Will Trump lower the nuclear bar?

Roundup
tags: North Korea, nuclear war, Trump



George F. Will writes a twice-weekly column on politics and domestic and foreign affairs. He began his column with The Post in 1974, and he received the Pulitzer Prize for Commentary in 1977.  Follow @georgewill

... When Trump threatened North Korea with “fire and fury like the world has never seen,” was he threatening to cross the nuclear weapons threshold? This has been contemplated before regarding North Korea. Former Gen. Douglas MacArthur, who had been fired by President Harry S. Truman for insubordination, handed President-elect Dwight D. Eisenhower a memorandum on how “to clear North Korea of enemy forces”: “This could be accomplished through the atomic bombing of enemy military concentrations and installations in North Korea and the sowing of fields of suitable radio-active materials, the by-product of atomic manufacture, to close major lines of enemy supply and communication. . . .”

MacArthur badly misjudged Eisenhower, whose biographer Jean Edward Smith says that during the Potsdam Conference (July 17 to Aug. 2, 1945), when Eisenhower was told of the New Mexico test — his first knowledge of the new weapon — “he was appalled” and “was the only one at Potsdam who opposed using the bomb.” Smith says:

“As president, Eisenhower would twice be presented with recommendations from his National Security Council and the Joint Chiefs of Staff that the bomb be used; first, in Vietnam to protect the French at Dien Bien Phu, then against China at the time of the Formosa Strait crisis. Both times Eisenhower rejected the recommendations. As a former supreme commander, Eisenhower had the confidence to do so, where other presidents might not have. And by rejecting the use of the bomb, there is no question that Eisenhower raised the threshold at which atomic weaponry could be employed — a legacy we continue to enjoy.”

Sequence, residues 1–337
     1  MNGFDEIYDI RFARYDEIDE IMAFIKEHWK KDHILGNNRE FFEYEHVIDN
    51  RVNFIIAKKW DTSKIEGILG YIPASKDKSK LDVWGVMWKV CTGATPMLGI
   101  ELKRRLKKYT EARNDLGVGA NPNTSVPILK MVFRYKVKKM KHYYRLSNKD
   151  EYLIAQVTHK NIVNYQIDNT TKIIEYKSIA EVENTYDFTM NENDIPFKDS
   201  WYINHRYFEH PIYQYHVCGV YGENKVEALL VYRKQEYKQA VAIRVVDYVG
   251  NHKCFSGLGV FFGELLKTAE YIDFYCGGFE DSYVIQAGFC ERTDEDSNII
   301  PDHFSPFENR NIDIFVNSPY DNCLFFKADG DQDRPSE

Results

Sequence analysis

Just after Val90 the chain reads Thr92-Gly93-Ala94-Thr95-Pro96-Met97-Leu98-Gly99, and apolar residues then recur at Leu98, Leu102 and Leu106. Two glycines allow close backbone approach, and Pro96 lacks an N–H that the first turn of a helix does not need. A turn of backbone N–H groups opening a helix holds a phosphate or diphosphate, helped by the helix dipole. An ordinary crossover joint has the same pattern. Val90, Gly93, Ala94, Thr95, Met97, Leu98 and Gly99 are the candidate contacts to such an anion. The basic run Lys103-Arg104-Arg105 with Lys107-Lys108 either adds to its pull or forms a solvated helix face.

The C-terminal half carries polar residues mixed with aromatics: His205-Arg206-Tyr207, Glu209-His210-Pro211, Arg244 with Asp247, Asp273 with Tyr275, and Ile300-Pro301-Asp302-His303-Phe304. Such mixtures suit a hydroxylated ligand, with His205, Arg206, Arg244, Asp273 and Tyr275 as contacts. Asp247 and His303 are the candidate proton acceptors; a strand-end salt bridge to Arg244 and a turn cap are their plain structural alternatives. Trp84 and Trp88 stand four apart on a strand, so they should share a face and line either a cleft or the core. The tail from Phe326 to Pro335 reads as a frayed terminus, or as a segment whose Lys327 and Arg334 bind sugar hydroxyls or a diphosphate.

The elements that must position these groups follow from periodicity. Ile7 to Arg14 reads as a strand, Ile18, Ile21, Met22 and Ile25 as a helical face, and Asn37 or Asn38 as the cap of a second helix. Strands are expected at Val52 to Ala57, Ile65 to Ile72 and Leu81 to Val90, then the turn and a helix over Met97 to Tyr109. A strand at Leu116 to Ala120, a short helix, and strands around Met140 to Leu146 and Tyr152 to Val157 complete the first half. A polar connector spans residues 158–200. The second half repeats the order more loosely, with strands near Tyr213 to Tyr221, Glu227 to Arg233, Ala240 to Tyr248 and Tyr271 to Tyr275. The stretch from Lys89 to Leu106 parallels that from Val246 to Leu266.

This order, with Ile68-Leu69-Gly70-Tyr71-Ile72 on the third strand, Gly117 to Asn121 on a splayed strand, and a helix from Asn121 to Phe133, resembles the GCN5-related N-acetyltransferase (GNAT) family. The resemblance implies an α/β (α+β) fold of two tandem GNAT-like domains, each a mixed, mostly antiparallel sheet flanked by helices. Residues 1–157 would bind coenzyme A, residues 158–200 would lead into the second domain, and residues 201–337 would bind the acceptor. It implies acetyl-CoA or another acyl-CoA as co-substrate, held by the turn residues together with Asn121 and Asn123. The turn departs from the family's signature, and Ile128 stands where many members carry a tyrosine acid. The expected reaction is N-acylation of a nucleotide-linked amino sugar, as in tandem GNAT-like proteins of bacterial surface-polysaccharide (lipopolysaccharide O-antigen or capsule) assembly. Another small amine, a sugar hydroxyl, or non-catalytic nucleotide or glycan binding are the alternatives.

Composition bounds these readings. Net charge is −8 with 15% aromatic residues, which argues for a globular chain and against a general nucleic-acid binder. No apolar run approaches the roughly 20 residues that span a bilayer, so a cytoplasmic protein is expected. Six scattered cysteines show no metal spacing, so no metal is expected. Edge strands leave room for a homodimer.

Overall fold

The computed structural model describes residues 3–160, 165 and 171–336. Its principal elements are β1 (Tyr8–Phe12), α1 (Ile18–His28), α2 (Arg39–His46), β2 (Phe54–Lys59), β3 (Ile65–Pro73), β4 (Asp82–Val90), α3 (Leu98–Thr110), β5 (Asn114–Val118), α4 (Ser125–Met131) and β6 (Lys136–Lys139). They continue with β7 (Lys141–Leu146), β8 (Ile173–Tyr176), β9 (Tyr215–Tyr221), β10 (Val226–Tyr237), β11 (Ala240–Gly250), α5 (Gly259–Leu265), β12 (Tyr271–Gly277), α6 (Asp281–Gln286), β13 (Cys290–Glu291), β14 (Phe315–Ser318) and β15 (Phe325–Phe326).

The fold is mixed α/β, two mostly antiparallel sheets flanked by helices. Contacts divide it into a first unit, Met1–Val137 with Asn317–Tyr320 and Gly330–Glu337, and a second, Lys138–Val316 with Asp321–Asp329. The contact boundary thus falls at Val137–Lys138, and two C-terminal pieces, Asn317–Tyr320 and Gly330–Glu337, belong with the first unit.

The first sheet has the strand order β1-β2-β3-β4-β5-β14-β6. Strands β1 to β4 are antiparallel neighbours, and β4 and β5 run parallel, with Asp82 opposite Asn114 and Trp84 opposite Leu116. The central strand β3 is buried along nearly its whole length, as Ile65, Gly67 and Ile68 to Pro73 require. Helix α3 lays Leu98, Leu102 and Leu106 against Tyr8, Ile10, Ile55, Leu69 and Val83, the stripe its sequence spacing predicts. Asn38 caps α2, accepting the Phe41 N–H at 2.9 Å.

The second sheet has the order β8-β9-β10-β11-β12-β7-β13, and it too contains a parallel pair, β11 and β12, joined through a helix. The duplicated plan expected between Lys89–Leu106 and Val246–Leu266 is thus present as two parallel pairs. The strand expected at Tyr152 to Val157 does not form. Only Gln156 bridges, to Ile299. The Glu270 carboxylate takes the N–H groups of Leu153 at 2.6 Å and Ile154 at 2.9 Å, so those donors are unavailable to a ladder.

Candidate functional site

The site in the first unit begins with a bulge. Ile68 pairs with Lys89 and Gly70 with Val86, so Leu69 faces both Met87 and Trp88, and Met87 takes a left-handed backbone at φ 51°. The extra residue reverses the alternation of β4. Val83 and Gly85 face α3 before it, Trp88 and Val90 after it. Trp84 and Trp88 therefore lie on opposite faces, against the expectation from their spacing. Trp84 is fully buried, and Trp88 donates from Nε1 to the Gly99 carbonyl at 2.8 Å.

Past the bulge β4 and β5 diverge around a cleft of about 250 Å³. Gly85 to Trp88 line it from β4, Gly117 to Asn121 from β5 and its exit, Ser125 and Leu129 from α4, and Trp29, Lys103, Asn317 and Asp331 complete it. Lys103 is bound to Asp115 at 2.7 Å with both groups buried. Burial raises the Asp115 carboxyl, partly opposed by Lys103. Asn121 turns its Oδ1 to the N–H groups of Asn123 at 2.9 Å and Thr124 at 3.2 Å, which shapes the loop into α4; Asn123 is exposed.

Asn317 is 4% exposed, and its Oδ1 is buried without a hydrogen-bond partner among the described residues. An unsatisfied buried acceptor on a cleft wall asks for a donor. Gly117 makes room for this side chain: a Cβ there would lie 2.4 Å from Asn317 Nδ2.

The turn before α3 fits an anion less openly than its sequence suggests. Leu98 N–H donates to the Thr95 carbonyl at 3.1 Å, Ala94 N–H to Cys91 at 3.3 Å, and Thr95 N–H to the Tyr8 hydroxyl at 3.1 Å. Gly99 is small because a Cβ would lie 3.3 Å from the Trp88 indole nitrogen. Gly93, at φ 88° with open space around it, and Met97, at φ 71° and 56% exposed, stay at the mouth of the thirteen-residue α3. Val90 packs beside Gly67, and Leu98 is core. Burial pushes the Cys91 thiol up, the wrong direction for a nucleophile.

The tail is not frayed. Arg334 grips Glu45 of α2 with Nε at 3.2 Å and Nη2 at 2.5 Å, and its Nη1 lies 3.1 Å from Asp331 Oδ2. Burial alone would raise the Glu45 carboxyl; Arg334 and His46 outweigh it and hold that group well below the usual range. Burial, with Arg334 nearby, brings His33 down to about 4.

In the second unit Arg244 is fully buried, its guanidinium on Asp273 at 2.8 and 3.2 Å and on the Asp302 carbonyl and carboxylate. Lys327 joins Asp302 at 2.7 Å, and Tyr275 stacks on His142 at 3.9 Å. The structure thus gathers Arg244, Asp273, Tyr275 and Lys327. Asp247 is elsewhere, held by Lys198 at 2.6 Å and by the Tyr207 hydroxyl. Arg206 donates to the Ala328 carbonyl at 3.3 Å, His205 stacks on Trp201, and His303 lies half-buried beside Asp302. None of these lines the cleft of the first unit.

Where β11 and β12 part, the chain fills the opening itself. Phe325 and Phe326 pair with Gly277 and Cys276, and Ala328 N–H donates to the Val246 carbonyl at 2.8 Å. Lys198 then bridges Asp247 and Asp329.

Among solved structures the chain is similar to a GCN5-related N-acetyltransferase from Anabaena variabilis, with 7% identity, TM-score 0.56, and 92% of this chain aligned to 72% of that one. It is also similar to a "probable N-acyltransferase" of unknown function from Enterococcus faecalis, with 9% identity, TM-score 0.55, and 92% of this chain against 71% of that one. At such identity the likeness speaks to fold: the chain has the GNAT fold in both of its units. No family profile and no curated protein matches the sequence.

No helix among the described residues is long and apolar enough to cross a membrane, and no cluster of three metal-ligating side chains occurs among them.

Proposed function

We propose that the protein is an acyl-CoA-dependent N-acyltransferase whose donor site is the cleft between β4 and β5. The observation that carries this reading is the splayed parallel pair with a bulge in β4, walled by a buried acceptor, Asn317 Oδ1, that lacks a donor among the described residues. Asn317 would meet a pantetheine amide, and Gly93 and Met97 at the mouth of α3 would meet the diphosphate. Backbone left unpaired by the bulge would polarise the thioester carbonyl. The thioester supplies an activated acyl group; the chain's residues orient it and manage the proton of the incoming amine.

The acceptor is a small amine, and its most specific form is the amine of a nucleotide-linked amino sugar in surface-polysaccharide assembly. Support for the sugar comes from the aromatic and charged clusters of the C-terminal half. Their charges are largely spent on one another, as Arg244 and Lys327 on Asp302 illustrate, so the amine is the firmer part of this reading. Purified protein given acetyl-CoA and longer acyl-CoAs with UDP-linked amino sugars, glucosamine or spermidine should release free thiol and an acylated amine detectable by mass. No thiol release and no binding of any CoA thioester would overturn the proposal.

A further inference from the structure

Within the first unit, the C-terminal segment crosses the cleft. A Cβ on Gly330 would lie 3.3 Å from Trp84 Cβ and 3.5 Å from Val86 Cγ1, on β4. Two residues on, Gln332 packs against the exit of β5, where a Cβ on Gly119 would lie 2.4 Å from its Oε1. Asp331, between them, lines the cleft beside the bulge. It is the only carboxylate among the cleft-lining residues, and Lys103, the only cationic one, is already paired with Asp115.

But for how long? The nonproliferation regime has been remarkably successful. During the 1960 presidential campaign, John Kennedy cited “indications” that by 1964 there would be “10, 15 or 20” nuclear powers. As president, he said that by 1975 there might be 20. Now, however, North Korea, the ninth, might be joined by Japan, South Korea and Taiwan, among others, unless U.S. leadership produces, regarding North Korea, conspicuously credible deterrence. The reservoir of presidential credibility is not brimful. ...




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